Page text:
“He was headhunted by Lesedi FM in the Free State and did not respond to an advert… and he was clear about his record,” said his lawyer Zola Majavu.
“Those who headhunted him held discussions with him and offered him a job as a broadcaster.”
Motsoeneng did not study for matric as a whole, but wrote “one or two” subjects here and there, which included supplementary exams, he said.
In a report released on Monday, Public Protector Thuli Madonsela found Motsoeneng had committed fraud by stating in his application form that he had completed matric at Metsimantsho High School in QwaQwa.
She said: “By his own admission, Mr Motsoeneng stated in his application form that he had passed matric, filled in made-up symbols in the same application form, and promised to supply a matric certificate to confirm his qualifications when he knew he did not have the promised certificate. [This] was admitted by him during an interview.”
Majavu said on Thursday Motsoeneng had told his employers he was uncertain about his matric subject symbols, and offered to travel to Pretoria to verify the symbols with the education department.
“He found that his subjects do not qualify as matric and told his employers.”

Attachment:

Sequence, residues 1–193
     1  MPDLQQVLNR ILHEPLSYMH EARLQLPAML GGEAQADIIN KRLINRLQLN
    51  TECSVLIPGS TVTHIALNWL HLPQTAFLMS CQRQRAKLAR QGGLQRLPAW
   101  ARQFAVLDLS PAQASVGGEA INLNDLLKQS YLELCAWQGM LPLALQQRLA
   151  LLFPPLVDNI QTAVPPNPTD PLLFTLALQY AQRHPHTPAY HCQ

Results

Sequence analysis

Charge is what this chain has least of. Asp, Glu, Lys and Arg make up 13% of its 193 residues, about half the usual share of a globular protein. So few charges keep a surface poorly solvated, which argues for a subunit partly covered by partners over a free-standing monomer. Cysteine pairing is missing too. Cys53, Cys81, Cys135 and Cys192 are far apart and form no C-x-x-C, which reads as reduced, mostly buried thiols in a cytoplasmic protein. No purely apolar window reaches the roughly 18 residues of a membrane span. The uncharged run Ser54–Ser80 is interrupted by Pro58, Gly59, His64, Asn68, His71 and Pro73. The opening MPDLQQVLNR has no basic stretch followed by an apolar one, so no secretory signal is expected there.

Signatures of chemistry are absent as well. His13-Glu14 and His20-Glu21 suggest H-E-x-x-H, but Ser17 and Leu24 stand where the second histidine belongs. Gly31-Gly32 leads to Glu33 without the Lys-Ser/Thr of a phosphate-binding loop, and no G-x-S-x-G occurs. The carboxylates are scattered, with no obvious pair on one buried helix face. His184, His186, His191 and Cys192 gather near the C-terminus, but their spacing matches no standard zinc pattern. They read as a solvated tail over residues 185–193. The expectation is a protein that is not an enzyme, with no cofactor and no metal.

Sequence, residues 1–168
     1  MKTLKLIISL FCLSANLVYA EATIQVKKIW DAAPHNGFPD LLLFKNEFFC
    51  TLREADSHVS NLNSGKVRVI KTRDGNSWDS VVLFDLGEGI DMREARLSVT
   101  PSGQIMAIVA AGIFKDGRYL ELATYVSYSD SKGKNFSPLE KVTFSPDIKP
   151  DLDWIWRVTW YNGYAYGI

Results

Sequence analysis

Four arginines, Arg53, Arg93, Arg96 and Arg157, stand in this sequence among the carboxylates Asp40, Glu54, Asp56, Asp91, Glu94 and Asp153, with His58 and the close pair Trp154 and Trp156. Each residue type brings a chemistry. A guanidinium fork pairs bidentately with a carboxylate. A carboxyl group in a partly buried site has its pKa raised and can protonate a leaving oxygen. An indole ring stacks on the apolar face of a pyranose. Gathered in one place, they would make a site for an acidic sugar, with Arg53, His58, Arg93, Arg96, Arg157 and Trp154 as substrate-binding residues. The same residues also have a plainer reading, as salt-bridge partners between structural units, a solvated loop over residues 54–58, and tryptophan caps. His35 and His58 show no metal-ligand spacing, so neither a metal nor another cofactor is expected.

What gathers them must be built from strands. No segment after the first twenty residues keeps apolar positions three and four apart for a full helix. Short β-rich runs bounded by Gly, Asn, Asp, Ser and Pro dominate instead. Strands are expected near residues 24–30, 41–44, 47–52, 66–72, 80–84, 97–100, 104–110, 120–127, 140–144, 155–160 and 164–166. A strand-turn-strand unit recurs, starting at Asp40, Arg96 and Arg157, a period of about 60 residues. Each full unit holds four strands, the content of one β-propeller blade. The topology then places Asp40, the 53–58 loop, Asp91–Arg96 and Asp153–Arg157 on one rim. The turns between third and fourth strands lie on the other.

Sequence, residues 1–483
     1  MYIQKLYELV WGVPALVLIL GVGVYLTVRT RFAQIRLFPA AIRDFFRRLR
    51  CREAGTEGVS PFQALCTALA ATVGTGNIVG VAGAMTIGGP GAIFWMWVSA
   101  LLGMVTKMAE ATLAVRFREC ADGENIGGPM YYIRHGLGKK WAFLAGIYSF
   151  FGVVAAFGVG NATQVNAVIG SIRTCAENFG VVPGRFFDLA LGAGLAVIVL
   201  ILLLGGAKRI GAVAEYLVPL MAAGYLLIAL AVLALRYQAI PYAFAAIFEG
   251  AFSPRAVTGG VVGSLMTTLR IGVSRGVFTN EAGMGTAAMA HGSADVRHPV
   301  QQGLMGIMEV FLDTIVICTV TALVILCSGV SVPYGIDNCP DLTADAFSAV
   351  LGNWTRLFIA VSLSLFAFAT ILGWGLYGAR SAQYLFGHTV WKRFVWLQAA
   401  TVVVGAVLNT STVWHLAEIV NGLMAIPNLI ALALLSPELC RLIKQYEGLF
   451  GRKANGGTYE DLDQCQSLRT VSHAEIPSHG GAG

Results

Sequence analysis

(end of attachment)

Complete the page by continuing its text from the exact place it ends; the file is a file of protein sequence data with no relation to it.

He did not take the job, but was called again, he said.
Through the years, Motsoeneng attained certificates, which include a National Qualifications Framework (NQF) level five.
“You will find that the NQF level five is higher than matric,” Majavu said.
“My client has never claimed to have a matric certificate.”
Three different SABC boards and three CEOs never asked for a matric certificate from him, he said.
In her report, Madonsela said Motsoeneng would never have been appointed in 1995 had he not lied about his qualifications.
“He repeated that lie in 2003 when he applied for the post of executive producer: current affairs to which he accordingly should have never been appointed.”
Madonsela said it was worrying that Motsoeneng’s file had “disappeared” at the SABC amid his denial of falsifying his qualifications.
“At one point he used the absence of evidence to support his contention that there was no evidence of his alleged fraudulent misrepresentation,” she said.
“The circumstantial evidence points to a motive on his part although incontrovertible evidence to allow a definite conclusion that he did in fact cause the disappearance of his employment records, particularly his application forms and CV, could not be found.”